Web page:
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I can’t believe I’d never played The Witcher 3. In retrospect, I feel like a big dumb idiot. I think we’ve all known the experience of having been repeatedly recommended the same critically-renowned game and foolishly ignoring our friends and the virtues they extol. That’s a mistake I definitely made with The Witcher 3, the game that erased the month of July from my calendar.
The Witcher 3 is a role-playing game semi-unique among modern RPGs in that the role you play is pretty set in stone: you’re Geralt of Rivia, a Witcher, which is a sort of fantasy mutant wizard detective charged with the slaying of the grotesque monsters that plague the world. Your story is Geralt’s story; there are skills to acquire and choices to make, but there’s none of the traditional character customization you might see in a typical Bethesda RPG like Fallout or Skyrim.
Make no mistake; I understand that this type of blank slate character customization is a relatively new norm. Exempting stuff like Dungeons and Dragons, playing a premade character was the default experience for a while. But I think it’s worth explaining at length here for two reasons: first, because it’s sorta unique for a game of this scope that came out in 2015, but second because I think it’s one of the foundational building blocks of the game’s stunning success.
Playing as Geralt takes away a lot of the necessary immersion-building required in a blank slate RPG. Pretty early on, we know who Geralt is, his brief history, what he stands for, and what he wants. Specifically, he’s a monster hunter in search of his lover, Yennefer, and his adoptive daughter/witcher padawan, Ciri. From then on, the world comes together around him, and we learn everything we need to know about it by allowing its knowledge to pass, first through Geralt, and then on to us.
I should probably note that I’ve never played The Witcher or The Witcher 2. Unlike the third installation, those didn’t come with the same hearty recommendation that eventually pushed me to give number three a shot. If you’ve played those, all this nonsense about world-building might be irrelevant to you, or it might not. Again, I haven’t played them; it’s all a mystery to me. For those of you, though, who also haven’t had the chance of enjoying the first two games, especially those hesitant to try the third without having done so, you’re in good company. My experience jumping directly into the third act was super uncomplicated. The world and story of The Witcher are huge, but its scope is such that the game takes a “there are just things you’re not gonna know” approach in exploring them. Geralt is constantly meeting old friends throughout his journey, but as far as I can tell, many of these old pals weren’t in the previous games. Some of this can undoubtedly be traced to the game’s origin as a series of novels, but what’s important is recognizing that I never felt like I was missing information; we may not learn everything about Geralt’s past with his friends and companions, but the game does explain everything we do need to know to understand the story of The Witcher 3.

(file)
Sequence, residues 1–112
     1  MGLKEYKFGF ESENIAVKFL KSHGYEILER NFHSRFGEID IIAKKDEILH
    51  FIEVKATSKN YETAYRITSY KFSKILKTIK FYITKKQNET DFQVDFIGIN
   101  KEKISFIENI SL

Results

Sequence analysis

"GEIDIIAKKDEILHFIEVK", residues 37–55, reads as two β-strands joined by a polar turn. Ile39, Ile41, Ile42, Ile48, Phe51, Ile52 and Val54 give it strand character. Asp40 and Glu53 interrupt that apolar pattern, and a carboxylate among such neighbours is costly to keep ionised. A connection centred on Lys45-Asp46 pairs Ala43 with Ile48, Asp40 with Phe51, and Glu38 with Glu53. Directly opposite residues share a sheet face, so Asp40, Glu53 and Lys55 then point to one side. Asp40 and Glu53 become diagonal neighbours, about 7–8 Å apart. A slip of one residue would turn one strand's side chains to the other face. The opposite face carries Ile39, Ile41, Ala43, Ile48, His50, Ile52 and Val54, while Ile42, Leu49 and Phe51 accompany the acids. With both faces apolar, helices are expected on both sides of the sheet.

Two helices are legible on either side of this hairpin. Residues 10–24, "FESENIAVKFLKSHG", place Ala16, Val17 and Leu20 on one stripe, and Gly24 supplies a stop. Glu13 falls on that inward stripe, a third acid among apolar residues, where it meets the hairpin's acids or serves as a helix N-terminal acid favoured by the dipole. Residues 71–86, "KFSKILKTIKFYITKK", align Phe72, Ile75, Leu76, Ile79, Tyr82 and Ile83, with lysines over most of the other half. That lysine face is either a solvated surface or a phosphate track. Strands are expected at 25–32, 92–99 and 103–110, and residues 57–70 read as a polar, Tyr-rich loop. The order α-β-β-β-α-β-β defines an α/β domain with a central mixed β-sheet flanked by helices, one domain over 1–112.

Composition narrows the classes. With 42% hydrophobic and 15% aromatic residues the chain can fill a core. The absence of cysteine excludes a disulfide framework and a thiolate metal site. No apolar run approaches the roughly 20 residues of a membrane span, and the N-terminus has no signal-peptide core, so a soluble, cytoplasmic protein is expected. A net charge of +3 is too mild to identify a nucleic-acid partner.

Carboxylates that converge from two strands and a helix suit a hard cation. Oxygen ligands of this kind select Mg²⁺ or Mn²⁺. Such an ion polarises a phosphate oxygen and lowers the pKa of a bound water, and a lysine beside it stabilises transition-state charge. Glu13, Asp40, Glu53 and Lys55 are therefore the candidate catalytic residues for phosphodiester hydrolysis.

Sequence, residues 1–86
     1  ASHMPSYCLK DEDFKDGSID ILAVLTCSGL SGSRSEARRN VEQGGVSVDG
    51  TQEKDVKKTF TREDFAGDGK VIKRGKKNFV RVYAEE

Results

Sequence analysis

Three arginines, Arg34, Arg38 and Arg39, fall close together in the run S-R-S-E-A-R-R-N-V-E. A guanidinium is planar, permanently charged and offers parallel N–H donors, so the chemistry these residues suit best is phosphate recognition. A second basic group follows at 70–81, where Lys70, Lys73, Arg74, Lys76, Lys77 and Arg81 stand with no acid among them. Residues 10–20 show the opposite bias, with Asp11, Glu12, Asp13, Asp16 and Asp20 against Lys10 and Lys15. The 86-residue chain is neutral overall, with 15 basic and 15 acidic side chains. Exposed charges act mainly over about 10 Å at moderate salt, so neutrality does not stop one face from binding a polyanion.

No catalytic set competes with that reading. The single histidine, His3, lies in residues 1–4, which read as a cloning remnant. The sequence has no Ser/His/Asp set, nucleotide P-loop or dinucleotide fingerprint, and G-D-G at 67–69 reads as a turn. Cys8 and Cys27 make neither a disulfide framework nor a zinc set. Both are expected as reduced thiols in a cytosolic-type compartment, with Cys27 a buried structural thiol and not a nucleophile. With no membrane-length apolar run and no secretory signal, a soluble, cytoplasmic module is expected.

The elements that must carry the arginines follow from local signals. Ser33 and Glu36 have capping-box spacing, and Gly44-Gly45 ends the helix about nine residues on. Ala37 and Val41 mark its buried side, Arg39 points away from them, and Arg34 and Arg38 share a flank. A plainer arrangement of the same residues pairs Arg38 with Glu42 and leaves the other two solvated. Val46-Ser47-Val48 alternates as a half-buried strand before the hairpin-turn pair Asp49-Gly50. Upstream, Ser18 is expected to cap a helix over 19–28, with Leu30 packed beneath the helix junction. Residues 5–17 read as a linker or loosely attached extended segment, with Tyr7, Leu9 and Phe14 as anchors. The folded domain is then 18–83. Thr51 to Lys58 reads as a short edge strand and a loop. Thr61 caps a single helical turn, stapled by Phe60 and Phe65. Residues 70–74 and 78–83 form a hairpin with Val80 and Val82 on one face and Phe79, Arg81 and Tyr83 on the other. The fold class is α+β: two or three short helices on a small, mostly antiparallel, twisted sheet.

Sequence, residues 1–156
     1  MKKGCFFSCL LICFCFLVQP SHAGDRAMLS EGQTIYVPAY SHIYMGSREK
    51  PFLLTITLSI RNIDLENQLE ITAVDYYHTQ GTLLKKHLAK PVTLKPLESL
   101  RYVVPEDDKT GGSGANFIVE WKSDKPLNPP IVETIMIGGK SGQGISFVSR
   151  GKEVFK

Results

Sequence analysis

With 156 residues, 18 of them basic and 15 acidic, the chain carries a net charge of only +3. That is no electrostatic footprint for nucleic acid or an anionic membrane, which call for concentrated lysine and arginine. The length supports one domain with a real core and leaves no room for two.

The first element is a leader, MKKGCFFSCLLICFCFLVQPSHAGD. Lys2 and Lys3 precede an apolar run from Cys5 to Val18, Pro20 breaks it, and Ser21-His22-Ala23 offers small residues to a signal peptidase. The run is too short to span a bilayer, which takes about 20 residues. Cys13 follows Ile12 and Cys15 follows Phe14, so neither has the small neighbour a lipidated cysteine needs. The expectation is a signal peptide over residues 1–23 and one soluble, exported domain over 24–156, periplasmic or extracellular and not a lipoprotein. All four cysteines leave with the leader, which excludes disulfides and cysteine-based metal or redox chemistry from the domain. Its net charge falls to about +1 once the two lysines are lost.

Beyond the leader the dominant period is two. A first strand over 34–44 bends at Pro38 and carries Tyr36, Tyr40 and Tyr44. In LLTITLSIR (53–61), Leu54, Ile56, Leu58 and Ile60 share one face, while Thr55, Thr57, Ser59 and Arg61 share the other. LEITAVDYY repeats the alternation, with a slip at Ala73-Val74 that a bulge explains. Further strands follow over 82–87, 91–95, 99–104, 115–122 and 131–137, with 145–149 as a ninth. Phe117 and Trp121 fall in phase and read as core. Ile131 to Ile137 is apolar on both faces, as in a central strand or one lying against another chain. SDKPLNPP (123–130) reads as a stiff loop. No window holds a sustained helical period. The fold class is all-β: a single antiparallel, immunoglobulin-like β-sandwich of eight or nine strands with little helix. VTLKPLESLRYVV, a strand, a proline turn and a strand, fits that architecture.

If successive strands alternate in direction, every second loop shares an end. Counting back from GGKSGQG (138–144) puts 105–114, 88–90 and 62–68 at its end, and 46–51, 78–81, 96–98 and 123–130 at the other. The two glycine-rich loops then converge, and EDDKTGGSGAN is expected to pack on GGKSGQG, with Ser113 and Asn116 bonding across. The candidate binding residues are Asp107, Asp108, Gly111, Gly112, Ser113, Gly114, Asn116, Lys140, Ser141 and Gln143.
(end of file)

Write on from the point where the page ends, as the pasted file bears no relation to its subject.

Speaking of story, it’s hard to not call it what it is: one of the best video game stories I’ve ever explored. The narrative isn’t particularly epic, and the ending (no spoilers here) left me feeling, not necessarily disappointed, but… content, but the absolute scale of it is truly impressive. No fewer than three times throughout the main quest did I feel like I was just about done with the game, only to learn I still had hours to go. There’s one quest that, in my opinion, is set up exactly like a final confrontation with the big bad guy, complete with a drawing-together of the story’s loose ends, but nope — there were still hours ahead of me. Ultimately, what I really enjoyed as a supreme story nerd was the time spent telegraphing and foreshadowing of future events and the revisiting of previously-visited locales to display the effects of your choices on those you’d previously interacted with. Because the game pulls Geralt’s associates from stage left without explanation, I expected more than once for them to disappear with as little warning, but they don’t; each plot thread carries its own all the way to the end. Even if it’s not the absolute best story, it’s hard to believe it’s not the best possible telling of that story.
The absolute breadth and scale of The Witcher is insane and totally incomparable to anything I’ve played so far. I found myself in regular awe at the size of the world and the variety of tasks to complete inside it. The world’s four playable regions are each clearly limited, and their geographical isolation from one another makes each inherently smaller, but wandering through the swamps of Velen, the streets of Novigrad, and the mountainous isles of Skellige, I never felt constrained by those borders. Each region feels alive and teeming with content, new quests and opportunities popping up organically as you journey from town to town.
I even found a way to be impressed with the game’s handling of side quests. In some RPGs, especially those where the story involves high stakes, taking a hiatus from your mission to save the world in order to deliver meat for the local butcher seems… irresponsible. To be fair, in The Witcher 3, it’s not an entirely different story — you’re on a mission to save your daughter from uncertain peril, and any diversion from that goal requires a tiny bit of suspension of disbelief. Still, I was impressed with the way these quests fit into the story; some of them have you helping out friends and companions, but many of them appear in the form of witcher contracts. In towns all around the world, villagers post open contracts for brave wanderers to solve their monster problems. Being that you are a monster hunter by trade, if there is a time you’d divert yourself from your main goal, it does follow that it would be to do your job.